As president of the bar, Yoder traveled the state as a spokesperson representing the 15,000 lawyers in Indiana.

Yoder will turn 64 years old in a few months, and he was asked if his age was a positive or negative. The mandatory retirement age from the court is 75. He said his age is a benefit.

“Everyone on the court is about the same age and when they start hitting 75, some governor will get to pack the court. Am a short timer? Yeah, if you consider a decade a short time. Will I bring some fun to this court? Oh yeah,” he said.

He added his background in business law would bring good diversity to the court.

“I have seen everything there is to see in the commercial and business context and frankly, I think the Indiana Supreme Court has never been strong in those areas. I think I bring a perspective to the court that, really, they don’t have right now,” Yoder said.

Yoder also talked about how a justice’s job is about more than judging and it doesn’t end when you take the robe off.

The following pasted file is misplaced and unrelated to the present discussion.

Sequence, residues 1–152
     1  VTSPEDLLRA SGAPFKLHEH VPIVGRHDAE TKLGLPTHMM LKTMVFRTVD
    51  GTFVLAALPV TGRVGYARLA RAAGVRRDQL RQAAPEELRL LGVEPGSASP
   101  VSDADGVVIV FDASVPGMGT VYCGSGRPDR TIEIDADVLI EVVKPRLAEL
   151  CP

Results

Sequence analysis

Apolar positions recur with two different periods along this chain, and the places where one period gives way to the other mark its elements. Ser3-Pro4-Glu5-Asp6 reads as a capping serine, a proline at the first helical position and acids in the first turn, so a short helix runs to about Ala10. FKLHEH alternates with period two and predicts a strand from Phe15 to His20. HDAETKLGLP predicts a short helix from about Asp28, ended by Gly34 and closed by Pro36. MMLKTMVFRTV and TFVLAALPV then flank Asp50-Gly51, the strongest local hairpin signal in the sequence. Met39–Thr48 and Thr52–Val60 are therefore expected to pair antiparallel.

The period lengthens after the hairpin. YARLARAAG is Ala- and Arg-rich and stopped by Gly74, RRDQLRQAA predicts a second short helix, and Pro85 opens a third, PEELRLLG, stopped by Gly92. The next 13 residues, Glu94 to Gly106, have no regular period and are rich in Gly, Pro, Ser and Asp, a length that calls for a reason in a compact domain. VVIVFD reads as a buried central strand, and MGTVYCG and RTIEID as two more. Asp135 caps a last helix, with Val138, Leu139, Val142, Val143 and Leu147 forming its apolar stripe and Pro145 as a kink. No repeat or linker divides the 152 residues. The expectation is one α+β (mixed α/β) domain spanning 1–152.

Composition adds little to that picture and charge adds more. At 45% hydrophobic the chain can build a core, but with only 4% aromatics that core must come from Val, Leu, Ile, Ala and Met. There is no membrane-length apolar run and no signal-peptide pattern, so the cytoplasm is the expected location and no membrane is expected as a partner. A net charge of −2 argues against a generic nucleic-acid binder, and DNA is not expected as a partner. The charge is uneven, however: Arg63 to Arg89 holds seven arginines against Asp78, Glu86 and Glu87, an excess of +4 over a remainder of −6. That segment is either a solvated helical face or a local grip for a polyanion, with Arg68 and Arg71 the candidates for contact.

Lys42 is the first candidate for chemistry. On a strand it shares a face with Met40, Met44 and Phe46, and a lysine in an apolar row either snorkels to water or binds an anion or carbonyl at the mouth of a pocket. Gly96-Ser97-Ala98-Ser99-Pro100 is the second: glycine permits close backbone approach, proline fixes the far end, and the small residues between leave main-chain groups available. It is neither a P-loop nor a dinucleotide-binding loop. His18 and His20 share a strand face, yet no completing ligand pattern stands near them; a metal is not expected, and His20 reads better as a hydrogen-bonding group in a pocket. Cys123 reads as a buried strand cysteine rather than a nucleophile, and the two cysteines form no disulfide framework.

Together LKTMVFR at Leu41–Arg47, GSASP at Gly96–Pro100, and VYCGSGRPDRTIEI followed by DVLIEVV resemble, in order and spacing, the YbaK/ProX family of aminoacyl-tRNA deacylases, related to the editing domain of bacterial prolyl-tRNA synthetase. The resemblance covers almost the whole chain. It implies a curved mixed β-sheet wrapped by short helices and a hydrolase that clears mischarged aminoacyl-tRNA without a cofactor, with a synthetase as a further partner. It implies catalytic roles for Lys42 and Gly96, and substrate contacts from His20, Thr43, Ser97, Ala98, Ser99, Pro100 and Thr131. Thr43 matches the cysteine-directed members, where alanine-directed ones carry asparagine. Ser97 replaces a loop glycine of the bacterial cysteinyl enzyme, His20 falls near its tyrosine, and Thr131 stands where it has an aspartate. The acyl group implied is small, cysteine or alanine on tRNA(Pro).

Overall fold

“Justices are the leaders of the rule of law in the State of Indiana and I feel it’s their responsibility to get out there and let people know that and to champion the rule of law and to champion lawyers,” he said.SEE | Yoder’s Supreme Court application

Nine of the 29 interviews were conducted Wednesday. They will continue Thursday and Friday.Click here to see all the applicants.

The seven-member Judicial Nominating Commission is charged with recruiting and selecting candidates for the vacancy on the state’s highest court. It’s led by Chief Justice Loretta Rush. It will review applications, consider applicants’ legal education, writings, reputation in the practice of law, and other pertinent information.

After the interviews this week, the commission will select finalists who will be asked back for a second round of interviews March 3-4. The commission will then publicly vote on three final candidates to recommend to Gov. Mike Pence, who has 60 days to select the next justice.

The person selected by Pence will be the 109th justice and will join four others on the bench:

Click here for a history of the Indiana Supreme Court Justices. 

The last time an Indiana Supreme Court justice was from Fort Wayne was in 1949.